Four weeks ago, less than half a kilometre away, their homes were turned to rubble. Clashes between police personnel involved in the eviction drive, and thousands of residents opposed to the action, led to the deaths of two civilians on September 23, and left nearly 20 others, including 11 policemen, injured. It set off a cycle of allegations and counter allegations, with the Darrang district administration claiming that while the eviction drive started peacefully a day earlier, nearly 20,000 people, “mostly outsiders” gathered at the site and started attacking police personnel with stones and sticks, leading to retaliatory action.

Local residents maintain that they were served eviction notices just a day ahead of the drive, and that they agreed to relocate to a new site with their belongings after the administration said it would provide them alternative plots. However, they allege, police started attacking residents without provocation, which led to the deaths and the injuries.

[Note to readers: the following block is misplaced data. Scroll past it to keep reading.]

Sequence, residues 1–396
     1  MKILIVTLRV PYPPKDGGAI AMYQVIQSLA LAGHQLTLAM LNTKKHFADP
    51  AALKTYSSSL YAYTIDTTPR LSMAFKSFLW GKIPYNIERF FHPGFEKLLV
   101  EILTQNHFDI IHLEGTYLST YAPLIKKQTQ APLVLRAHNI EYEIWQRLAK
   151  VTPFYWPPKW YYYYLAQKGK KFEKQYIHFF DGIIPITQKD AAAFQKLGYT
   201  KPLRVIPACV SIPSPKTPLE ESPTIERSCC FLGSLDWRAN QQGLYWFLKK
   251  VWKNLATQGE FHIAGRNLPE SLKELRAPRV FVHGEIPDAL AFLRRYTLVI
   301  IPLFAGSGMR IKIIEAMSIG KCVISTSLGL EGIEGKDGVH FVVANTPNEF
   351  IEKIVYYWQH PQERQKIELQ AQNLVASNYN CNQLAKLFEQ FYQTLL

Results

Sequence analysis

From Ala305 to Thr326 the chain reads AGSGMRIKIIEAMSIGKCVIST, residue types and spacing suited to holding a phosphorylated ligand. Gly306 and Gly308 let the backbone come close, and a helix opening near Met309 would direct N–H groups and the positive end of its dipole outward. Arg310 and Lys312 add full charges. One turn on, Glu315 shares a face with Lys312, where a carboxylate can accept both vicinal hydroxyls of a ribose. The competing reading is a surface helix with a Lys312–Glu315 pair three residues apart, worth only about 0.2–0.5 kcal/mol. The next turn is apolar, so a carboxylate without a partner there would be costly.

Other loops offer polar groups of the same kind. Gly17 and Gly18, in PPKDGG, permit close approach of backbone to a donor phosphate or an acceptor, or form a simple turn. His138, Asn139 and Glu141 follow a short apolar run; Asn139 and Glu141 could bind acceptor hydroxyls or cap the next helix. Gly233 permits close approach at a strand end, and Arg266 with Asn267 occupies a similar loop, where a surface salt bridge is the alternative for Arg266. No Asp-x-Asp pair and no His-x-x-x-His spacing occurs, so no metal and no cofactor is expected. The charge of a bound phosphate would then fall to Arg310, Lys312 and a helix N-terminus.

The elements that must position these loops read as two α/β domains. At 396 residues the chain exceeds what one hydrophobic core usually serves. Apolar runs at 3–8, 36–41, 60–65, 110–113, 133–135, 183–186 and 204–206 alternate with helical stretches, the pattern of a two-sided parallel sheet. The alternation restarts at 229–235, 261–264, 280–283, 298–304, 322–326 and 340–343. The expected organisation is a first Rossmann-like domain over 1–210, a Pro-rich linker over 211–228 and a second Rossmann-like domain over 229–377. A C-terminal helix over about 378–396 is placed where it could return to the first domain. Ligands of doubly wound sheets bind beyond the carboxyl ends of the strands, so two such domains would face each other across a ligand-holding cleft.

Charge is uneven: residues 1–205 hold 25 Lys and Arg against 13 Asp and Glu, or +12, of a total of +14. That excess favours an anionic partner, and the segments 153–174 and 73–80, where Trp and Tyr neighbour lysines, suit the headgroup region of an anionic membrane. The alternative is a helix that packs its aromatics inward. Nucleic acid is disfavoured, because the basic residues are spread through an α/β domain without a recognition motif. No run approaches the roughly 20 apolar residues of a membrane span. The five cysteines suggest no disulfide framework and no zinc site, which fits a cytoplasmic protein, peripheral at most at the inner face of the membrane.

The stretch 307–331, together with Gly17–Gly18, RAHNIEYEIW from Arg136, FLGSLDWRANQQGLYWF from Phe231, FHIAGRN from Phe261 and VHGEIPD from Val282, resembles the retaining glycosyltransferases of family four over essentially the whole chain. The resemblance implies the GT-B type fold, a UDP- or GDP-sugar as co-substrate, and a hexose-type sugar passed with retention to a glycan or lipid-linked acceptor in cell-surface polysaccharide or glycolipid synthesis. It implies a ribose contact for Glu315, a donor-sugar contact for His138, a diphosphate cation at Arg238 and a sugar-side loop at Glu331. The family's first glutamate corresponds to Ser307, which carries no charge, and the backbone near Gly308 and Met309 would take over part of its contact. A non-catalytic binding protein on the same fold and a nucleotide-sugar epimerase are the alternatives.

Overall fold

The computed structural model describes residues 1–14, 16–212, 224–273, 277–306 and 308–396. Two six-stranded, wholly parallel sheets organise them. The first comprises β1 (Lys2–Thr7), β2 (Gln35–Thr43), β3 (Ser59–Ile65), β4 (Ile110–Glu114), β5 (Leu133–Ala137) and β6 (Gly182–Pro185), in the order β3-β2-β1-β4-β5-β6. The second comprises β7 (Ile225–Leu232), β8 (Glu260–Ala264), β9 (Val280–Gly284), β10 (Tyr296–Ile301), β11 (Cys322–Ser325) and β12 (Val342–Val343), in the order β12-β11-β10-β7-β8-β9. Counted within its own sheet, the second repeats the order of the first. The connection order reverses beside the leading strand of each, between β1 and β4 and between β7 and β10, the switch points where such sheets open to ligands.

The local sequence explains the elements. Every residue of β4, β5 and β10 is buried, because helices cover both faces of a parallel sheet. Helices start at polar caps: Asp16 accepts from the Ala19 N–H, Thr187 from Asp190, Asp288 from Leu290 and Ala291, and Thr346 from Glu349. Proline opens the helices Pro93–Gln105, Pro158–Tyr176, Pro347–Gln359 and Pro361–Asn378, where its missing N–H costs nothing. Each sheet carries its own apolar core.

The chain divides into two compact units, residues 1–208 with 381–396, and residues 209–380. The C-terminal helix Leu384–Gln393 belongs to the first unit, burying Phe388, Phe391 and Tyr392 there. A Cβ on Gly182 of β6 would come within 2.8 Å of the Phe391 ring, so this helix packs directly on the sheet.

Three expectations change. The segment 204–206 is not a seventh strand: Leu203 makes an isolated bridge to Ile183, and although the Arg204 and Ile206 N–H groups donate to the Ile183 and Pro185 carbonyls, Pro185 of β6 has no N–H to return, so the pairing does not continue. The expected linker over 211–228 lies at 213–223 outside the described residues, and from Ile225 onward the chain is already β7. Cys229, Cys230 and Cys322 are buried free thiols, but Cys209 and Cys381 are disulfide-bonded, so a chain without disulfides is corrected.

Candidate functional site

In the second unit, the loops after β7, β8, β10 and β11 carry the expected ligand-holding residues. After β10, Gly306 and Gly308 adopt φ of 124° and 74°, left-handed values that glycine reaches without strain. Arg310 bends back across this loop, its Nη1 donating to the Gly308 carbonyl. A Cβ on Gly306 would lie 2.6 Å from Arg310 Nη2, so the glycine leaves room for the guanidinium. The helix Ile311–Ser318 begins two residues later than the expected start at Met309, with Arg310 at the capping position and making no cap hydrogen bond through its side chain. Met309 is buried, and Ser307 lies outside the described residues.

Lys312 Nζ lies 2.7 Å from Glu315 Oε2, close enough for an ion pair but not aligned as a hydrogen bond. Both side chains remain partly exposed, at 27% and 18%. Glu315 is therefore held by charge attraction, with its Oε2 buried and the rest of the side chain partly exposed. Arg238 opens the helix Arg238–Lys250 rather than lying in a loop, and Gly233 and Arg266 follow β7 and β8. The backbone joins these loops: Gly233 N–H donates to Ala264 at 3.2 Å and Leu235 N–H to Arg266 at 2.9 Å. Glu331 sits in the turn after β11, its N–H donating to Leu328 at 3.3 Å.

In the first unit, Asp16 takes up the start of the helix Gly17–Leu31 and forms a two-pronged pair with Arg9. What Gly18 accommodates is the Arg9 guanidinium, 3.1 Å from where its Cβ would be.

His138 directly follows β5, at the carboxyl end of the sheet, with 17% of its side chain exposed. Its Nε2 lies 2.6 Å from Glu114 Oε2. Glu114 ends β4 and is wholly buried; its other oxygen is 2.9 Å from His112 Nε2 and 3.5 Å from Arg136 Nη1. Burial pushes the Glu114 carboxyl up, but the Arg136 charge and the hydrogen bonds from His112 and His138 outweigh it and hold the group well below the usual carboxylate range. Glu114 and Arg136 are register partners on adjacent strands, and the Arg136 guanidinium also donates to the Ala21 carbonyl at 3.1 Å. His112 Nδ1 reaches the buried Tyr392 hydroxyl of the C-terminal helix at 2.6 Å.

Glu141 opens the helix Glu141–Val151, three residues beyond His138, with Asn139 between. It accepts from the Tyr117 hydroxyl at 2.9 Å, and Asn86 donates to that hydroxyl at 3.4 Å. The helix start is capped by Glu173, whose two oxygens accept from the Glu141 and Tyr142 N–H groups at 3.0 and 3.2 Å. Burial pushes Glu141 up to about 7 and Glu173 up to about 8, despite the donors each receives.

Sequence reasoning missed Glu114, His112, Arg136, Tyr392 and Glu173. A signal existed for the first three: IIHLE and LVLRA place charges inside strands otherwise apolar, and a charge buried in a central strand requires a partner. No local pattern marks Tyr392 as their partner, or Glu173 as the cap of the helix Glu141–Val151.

Following the eviction, the Darrang Police arrested three people — Sarifuddin, Chand Mahmud, and Asmat Ali Ahmed — for allegedly instigating the violence, booking them under sections of attempt to murder and criminal conspiracy. Sarifuddin is a daily wage labourer who lived in Dholpur 1, and Mahmud and Ahmed are members of local panchayat bodies in Dholpur.

Darrang superintendent of police Sushanta Biswa Sarma told HT that the case has been forwarded to the Criminal Investigation Department (CID), which is probing the incident. Sarma, who was the SP in charge of the eviction drive, is Assam chief minister Himanta Biswa Sarma’s brother.

Four decades in the making

Spread over 77,420 bighas (25,595 acre), the entire Dholpur area where the eviction drive took place is a giant sandbar with the Brahmaputra on one side and several of its small distributaries crisscrossing the area. It doesn’t have a proper road, and doesn’t get electricity.